Hooked Up: September 2015

Hooked Up: September 2015
Stewart Peacock with one of three trout between 27 and 30 inches caught on the first wade of the morning. Plum 5" Bass Assassin - All Released!
This may not be my favorite time of year to be on the water but bird season is just around the corner and that keeps my outdoor focus at its peak. Fast-flying doves, the smell of burning gun powder and a good retriever are always high on my priority list. By the time this article hits the rack or mailbox, we, as Texans do, will be celebrating in the fields with lifelong friends, wore out dogs, and a cold beverage. I'm stoked!

The persistent calm winds have been making for some hot days on the water down here. Fishing has remained steady, however, the trout bite seems to fall off pretty early when casting lures exclusively, as we do. For me, it's about time to slow everything down and get some much needed rest. I'll continue to run trips throughout September but not soliciting further bookings until things begin cooling down a bit. 2015 has been a tremendous year so far for catching great fish, making new friends, and staying booked. I have much to be thankful for in my life; I know where it comes from and never take it for granted.

As just mentioned, the trout bite plays out pretty early in this heat. Oh, you will catch them throughout the day, but consistency is best before the sun is well up and we usually get until about 9:30 in the morning before everything slows way down. After that we are going shoulder deep just to try and grind a few more trout off the bottom, or completely switching gears to other species.

Flounder have been a great way to break up the monotony of a slow trout bite during the late morning. I'm thrilled by the fact that we actually have enough flounder now that we can actually target them with a good success rate. Spoil islands that taper off into deeper water, with windblown current, are a favorite place to find them. This scenario stretches from Nighthawk Bay in the Upper Laguna all the way down to the opening of the Land Cut. As the day heats up, look for them to fall off into deeper potholes along the King Ranch shoreline. Their eyes being on top of their heads, I think they really appreciate the long shoal grass providing some shade in 3- to 4 feet of water. Ever notice how you always seem to catch one next to or under a dock or a pier? I don't think it is a coincidence.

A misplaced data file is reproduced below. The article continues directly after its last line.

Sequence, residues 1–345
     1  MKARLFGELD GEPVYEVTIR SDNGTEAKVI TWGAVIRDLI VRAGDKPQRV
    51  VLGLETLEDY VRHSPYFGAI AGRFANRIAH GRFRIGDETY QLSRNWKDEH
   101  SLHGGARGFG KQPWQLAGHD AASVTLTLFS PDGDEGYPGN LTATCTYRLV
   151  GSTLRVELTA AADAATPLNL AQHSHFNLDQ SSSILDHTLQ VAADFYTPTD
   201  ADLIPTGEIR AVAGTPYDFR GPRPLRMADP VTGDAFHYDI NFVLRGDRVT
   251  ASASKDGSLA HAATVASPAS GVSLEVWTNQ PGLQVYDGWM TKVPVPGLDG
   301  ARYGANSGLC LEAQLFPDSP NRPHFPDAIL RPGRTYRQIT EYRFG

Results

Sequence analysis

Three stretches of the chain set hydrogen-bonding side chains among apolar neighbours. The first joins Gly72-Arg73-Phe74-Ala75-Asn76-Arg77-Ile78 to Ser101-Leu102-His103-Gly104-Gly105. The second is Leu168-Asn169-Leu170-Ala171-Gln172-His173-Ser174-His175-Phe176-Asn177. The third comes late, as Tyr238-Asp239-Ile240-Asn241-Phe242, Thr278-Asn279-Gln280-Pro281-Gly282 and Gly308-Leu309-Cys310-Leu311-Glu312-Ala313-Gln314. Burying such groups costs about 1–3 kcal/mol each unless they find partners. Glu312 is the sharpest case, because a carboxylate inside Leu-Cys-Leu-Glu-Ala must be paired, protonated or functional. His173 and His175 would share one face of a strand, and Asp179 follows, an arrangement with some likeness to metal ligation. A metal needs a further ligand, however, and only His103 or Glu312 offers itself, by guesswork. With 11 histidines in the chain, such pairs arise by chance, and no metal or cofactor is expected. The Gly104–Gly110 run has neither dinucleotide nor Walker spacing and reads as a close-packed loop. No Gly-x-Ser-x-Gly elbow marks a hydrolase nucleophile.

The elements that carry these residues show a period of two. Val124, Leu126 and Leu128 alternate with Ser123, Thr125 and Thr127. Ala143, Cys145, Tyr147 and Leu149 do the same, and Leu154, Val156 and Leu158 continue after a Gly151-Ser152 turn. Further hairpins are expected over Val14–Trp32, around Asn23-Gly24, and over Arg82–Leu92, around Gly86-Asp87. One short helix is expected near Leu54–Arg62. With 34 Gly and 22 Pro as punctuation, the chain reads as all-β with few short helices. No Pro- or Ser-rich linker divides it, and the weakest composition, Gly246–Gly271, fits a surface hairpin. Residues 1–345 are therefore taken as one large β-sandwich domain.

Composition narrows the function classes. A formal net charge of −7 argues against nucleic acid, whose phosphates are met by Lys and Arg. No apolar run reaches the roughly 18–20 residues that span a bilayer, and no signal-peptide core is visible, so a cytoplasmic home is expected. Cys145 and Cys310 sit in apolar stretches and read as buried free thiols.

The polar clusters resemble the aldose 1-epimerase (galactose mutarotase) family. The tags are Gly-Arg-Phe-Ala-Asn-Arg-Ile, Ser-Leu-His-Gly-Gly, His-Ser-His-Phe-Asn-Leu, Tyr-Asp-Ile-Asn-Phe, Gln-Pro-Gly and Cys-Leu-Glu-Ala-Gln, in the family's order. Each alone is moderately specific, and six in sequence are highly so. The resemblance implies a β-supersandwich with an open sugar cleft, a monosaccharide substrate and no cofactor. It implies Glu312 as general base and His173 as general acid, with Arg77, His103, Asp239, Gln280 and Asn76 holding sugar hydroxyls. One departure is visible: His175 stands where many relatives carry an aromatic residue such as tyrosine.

Of course, redfish are schooling up in great numbers and we are spending much of the hottest part of the day trying to locate and catch them. In general, the schools are northbound. They may stay located on a particular stretch of shoreline or a spoil island for a couple of days, then may adjust 1/4 to 1/2 mile north overnight. As I seem to mention way too often, boat pressure plays a tremendous role on their movements. Keeping them on vast section of flats like in the old days is almost an impossibility with so many burn-boats running them down. It's frustrating to say the least, but I guess it is just the new norm that we will all have to learn to live and deal with.

If you want to beat the crowds to the reds and enjoy some semblance of privacy on the water, go shallow and sight-cast. You may not find huge numbers but, then again, you might. Every day is different out here. Move slow, look through the water and scan every pothole for something that looks out of place. Some days they are like ghosts and other days they look like a red flashing light as they cruise over the sand. Sight-casting is truly the perfect combination of hunting and fishing. Oh yea, It's also a dang good way to find that large rogue female trout. Good hunting!

Small topwaters have been awesome in the early morning light and that should continue throughout the hotter months. If I'm not getting hit pretty quickly on the MirrOlure She Dog, I'm switching to the 5" Bass Assassin before too long. Those two lures are my bread and butter for trout right now. If sight-casting reds up shallow, or trout, for that matter, I scale all lures down to 3- to 4 inch Bass Assassins. Grubtails and paddletails are working best for us when up in the skinny water.

Remember the buffalo! -Capt. David Rowsey